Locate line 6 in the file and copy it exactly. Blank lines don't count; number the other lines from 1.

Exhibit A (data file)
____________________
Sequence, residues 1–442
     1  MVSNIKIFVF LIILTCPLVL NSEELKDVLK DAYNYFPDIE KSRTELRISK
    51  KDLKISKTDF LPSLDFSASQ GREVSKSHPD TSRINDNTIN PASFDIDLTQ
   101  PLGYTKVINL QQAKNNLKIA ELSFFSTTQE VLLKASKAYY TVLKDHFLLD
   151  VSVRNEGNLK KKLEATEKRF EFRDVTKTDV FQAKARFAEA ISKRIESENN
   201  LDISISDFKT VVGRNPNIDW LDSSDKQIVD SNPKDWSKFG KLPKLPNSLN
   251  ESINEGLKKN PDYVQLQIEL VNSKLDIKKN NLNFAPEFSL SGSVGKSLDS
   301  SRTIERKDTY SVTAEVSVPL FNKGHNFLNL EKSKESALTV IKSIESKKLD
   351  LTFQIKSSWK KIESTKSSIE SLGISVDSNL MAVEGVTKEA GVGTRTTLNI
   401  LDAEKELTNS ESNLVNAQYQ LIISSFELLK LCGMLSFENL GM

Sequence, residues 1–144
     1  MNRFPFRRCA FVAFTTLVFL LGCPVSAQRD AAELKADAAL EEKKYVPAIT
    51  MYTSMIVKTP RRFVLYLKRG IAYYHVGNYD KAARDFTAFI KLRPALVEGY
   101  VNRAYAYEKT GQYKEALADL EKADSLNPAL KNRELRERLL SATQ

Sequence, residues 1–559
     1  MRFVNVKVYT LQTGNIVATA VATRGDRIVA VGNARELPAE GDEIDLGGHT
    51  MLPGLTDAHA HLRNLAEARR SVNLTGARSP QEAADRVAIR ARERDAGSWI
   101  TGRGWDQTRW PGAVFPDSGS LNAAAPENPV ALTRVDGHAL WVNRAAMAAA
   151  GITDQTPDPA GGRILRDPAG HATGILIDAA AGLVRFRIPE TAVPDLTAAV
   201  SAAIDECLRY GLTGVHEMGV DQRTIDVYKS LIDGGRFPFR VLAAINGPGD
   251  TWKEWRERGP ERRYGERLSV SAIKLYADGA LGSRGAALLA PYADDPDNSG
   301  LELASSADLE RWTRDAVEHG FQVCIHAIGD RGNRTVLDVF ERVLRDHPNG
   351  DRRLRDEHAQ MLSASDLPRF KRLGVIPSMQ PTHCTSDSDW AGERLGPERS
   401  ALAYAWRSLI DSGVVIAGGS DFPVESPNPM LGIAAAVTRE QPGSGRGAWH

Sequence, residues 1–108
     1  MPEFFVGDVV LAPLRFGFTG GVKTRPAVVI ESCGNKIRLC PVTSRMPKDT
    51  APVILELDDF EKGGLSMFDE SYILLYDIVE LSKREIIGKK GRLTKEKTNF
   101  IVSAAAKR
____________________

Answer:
   201  LDISISDFKT VVGRNPNIDW LDSSDKQIVD SNPKDWSKFG KLPKLPNSLN